- Soldier who hid, bragged about not saluting flag to be punished — in secret
- ‘Maverick’ of the seas: ‘Top Gun’ school for U.S. ship officers to launch
- Putin declares Sochi Paralympics open amid Ukrainian protest
- ‘In Jesus name, we pray’ sparks ire at Ohio council meeting
- Navy’s first laser weapon ready for prime time; drone killer to deploy this summer
- Billionaire backer: Rick Santorum ‘needs to be heard’ in 2016
- Obamacare fallout: 49 percent pessimistic; 45 percent ‘scared’
- DHS accused of holding U.S. citizen at airport, using emails to pry into her sex life
- Seattle socialist: Minimum-wage discussion skewed by ‘right-wing’ GAO analysis
- U.N. warns of Muslim ‘cleansing’ in Central African Republic
Panetta orders Pentagon to plan for budget cuts
The 2011 Budget Control Act calls for automatic cuts of $500 billion over the next decade to the defense budget if Congress cannot agree on how to reduce the $1.2 trillion deficit. The so-called “fiscal cliff” deal lawmakers reached last week delayed the cuts, known as sequestration, until March 1.
Mr. Panetta said he has directed the Joint Chiefs to immediately take prudent measures including curtailing facility maintenance, freezing civilian hiring, and delaying certain contract awards, among other actions.
He also directed the chiefs to plan for possible civilian furloughs, but stressed that the planning is “strictly precautionary” in case sequestration is not averted. Under sequestration, the Pentagon would be forced to trim $42 billion from its budget for the last seven months of this fiscal year, which ends Sept. 30.
“We really have no choice but to prepare for the worse,” the defense secretary said.
Army Gen. Martin Dempsey, chairman of the Joint Chiefs of Staff, attended the briefing with Mr. Panetta. “Sequestration is a self-inflicted wound on national security,” the general said.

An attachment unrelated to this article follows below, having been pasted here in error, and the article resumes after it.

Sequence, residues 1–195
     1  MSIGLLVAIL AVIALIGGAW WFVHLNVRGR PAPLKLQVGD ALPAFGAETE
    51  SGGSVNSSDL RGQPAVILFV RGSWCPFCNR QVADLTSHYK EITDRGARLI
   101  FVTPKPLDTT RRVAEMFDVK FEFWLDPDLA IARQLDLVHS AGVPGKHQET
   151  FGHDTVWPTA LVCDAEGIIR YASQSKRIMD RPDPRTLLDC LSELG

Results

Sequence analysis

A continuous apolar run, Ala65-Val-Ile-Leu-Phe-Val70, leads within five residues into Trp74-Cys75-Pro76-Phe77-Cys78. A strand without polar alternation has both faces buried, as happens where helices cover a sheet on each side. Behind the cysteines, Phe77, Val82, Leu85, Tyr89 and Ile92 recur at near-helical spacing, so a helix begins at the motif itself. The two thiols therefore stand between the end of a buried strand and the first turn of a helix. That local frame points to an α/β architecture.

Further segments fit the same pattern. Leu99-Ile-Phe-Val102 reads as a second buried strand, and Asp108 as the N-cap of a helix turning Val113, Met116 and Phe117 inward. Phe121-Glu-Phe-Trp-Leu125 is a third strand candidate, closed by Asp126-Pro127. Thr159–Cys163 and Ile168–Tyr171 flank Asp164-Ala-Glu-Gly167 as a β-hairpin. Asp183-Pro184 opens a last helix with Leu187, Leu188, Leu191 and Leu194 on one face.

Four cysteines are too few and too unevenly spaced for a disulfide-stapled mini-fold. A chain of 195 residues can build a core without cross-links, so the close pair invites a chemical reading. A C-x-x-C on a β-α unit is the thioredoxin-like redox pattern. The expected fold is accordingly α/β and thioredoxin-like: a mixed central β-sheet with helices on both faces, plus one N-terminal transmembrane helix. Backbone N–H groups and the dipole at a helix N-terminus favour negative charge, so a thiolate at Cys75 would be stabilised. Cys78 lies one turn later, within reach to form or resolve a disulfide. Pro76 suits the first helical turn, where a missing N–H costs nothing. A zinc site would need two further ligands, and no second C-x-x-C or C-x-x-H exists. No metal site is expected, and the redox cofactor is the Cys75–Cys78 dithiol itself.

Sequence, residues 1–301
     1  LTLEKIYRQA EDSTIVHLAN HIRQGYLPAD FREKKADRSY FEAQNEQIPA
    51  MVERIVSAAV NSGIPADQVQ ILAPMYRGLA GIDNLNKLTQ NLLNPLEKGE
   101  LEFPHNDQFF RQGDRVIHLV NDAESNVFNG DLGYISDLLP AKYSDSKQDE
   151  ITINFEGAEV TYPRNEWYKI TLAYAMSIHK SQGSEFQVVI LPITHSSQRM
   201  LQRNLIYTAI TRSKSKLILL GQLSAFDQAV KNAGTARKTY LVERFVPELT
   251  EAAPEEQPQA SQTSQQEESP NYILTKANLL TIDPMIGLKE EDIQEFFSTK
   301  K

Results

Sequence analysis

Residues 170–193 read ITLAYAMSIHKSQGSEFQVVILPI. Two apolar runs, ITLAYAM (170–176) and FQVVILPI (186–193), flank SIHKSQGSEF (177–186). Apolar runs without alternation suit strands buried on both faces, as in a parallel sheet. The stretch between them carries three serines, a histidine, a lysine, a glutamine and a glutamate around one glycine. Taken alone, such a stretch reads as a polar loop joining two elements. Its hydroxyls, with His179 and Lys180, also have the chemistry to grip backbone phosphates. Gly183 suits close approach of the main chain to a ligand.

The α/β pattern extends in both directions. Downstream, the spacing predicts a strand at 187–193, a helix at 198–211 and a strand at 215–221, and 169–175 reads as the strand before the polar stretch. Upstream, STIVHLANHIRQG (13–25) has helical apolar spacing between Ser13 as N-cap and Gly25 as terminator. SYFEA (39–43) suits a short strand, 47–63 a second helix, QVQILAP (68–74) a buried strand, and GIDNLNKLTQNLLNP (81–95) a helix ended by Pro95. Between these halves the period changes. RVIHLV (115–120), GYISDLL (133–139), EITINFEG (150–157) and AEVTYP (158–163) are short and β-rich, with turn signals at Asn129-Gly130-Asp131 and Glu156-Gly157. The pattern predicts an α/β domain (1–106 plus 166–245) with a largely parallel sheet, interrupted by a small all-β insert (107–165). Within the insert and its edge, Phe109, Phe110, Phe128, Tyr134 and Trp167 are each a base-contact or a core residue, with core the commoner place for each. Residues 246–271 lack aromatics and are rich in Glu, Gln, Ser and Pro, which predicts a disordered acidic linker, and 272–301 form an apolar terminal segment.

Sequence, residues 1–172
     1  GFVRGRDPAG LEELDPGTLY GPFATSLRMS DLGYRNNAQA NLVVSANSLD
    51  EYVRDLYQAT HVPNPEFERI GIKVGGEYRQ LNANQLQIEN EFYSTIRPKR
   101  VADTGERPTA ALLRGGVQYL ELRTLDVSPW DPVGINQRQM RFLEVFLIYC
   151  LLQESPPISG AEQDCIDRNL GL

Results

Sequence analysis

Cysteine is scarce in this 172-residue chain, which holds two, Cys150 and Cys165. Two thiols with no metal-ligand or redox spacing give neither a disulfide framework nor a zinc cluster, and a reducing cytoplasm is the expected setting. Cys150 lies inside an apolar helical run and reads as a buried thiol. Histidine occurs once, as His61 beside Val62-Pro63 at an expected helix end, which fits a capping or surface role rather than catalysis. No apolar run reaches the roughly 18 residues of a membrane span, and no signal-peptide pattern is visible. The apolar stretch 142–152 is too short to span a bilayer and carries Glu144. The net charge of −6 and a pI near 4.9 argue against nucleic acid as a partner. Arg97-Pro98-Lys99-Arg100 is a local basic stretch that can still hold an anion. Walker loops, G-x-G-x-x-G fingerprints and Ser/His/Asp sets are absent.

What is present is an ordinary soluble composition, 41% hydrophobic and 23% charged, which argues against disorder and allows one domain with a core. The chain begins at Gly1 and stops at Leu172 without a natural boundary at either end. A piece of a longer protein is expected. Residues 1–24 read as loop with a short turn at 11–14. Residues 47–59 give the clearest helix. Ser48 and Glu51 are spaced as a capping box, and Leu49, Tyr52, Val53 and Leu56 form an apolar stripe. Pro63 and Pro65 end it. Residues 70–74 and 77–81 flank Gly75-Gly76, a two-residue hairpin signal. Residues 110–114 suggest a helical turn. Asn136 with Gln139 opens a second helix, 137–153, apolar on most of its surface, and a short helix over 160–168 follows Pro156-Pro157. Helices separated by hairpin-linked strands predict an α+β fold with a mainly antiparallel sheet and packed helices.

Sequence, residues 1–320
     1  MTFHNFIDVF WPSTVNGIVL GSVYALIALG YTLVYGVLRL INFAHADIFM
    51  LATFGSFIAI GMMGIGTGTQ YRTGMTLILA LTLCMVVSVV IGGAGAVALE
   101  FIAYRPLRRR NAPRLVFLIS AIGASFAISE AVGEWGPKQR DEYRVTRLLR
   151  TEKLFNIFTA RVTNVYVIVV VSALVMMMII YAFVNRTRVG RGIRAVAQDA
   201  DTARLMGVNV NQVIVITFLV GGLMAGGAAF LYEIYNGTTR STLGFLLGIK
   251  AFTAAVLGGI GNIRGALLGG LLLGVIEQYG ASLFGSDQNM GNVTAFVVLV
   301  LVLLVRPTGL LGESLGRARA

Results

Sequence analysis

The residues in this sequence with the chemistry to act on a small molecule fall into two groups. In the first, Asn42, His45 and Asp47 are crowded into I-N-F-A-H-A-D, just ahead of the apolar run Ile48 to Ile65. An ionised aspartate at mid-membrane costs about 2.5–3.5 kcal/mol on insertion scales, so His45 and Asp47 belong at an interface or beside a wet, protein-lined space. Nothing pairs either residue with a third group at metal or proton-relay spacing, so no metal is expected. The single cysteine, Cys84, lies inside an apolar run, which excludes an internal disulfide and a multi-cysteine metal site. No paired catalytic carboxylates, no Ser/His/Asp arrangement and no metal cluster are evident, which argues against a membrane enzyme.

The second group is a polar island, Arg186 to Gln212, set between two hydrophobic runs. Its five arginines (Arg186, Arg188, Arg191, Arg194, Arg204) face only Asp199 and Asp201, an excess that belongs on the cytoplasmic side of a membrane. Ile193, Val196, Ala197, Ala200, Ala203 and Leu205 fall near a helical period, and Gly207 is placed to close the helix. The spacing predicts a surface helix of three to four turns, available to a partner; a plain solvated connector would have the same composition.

If sequestration occurs, “we will be unable to reset the force after a decade of war,” Gen. Dempsey said. “We have no choice but to steel ourselves from the consequences.”
© Copyright 2014 The Washington Times, LLC. Click here for reprint permission.
About the Author
Kristina Wong is a national security reporter for The Washington Times, covering defense, foreign policy and intelligence affairs. She can be reached at firstname.lastname@example.org.
- Despite Pentagon cuts and eye on Pacific, Air Force implored to save the 'Warthog'
- Pentagon welcomes budget deal but says more defense spending needed
- Rep. Hunter to Pentagon: Don't lower combat standards for women
- Scientists raise alarm over plan to destroy Syria's chemical weapons at sea
- Hagel renews Qatar defense pact despite differences over Iran, Syria
TWT Video Picks
By Tammy Bruce
- Bill Clinton cashes in on struggling nonprofit hospital
- Putin has transformed Russian army into a lean, mean fighting machine
- BRUCE: Obama's bizarre immigration rules
- IRS to turn over Lerner emails in tea party targeting probe
- DELAY: A revolution for the Constitution
- Bill Clinton poses for photo with Bunny Ranch prostitutes
- Unemployment insurance vote could happen next week
- Kim Jong-un calls for execution of 33 Christians
- U.S. pilot scares off Iranians with 'Top Gun'-worthy stunt: 'You really ought to go home'
- High schooler suing parents for money shot down by judge
Pope Francis meets his 'mini-me'
Celebrity deaths in 2014
Winter storm hits states — again